Why everyone should consider individual disability insurance

by Badgley Phelps | May 06, 2019

According to the Council for Disability Awareness, “More than one in four of today’s 20-year-olds can expect to be out of work for at least a year because of a disabling condition before they reach normal retirement age.” Don’t think it applies to you? The most common reasons cited for short-term disability claims are incredibly common conditions: pregnancy (25 percent) and musculoskeletal disorders including problems with the back, knees or hips (20 percent). For long-term claims, the most common reasons also include musculoskeletal disorders (29 percent) and pregnancy (9.4 percent), but add cancer (15 percent)—and the average long-term disability claim is 34.6 months.

With that in mind, it’s important to consider individual disability insurance sooner rather than later.     

What is disability insurance?

Disability insurance is important and needs to be a part of any worker’s contingency plan. It is insurance to replace part of your paycheck when you’re unable to work due to sickness or injury. If you have a family that depends on the paycheck you bring home, disability insurance is even more important: View it like life insurance. In this context, group coverage through your employer is insufficient and should be viewed as a complement to, and not a replacement for, individual disability coverage.

Following are the two types of disability insurance. 

  1. Short-term disability insurance: This can cover up to 80 percent of your income for a short period of time, usually three to six months. Its elimination period, or the waiting period after you’ve become disabled and before you start receiving benefits, is short—typically 14 days or less—and it is usually provided by employers.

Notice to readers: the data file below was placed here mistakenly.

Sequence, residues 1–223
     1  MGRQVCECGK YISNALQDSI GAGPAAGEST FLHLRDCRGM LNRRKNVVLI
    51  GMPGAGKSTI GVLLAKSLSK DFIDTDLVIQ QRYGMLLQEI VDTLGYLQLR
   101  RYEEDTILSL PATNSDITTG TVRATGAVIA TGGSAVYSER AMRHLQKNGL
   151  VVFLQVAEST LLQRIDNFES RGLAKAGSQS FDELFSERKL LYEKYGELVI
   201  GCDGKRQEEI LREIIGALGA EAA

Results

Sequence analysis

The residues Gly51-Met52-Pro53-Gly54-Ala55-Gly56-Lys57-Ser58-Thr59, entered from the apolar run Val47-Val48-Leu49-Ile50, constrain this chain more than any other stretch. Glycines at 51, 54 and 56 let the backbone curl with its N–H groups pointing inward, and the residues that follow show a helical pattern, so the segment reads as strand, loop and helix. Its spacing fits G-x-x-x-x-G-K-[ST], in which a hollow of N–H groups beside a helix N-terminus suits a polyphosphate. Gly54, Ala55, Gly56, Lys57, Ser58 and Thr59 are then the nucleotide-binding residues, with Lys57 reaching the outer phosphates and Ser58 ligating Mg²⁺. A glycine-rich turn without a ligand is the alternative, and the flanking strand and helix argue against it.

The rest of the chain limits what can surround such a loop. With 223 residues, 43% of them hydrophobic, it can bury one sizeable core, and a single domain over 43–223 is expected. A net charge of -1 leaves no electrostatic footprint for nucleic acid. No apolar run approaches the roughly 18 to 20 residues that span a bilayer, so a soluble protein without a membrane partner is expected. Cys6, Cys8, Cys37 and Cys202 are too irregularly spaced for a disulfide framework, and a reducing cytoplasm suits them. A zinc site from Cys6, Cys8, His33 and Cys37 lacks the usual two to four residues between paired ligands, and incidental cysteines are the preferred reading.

2. Long-term disability insurance: This is for longer periods of time including two, five, or 10 years, or until retirement. The elimination period is normally 90 days but can run from 30 days to two years. Long-term disability traditionally covers up to 60 percent of your salary.

Other solutions are available for individuals with unique and high limit risks. Policies can be purchased as standalone coverage or in addition to a traditional policy.

Considerations for high income or high net worth individuals

Workers in any industry should take into account the following when considering group versus individual disability insurance:

Limitation of group disability policies

Options to customize a group disability policy are limited, and disability policies are usually restricted to one insurer. In addition, group long-term disability insurance policies are generally a percentage of income up to monthly cap. High income earners may also face reverse discrimination as the coverage parameters are generally geared towards covering rank and file employees.

Taxation of benefits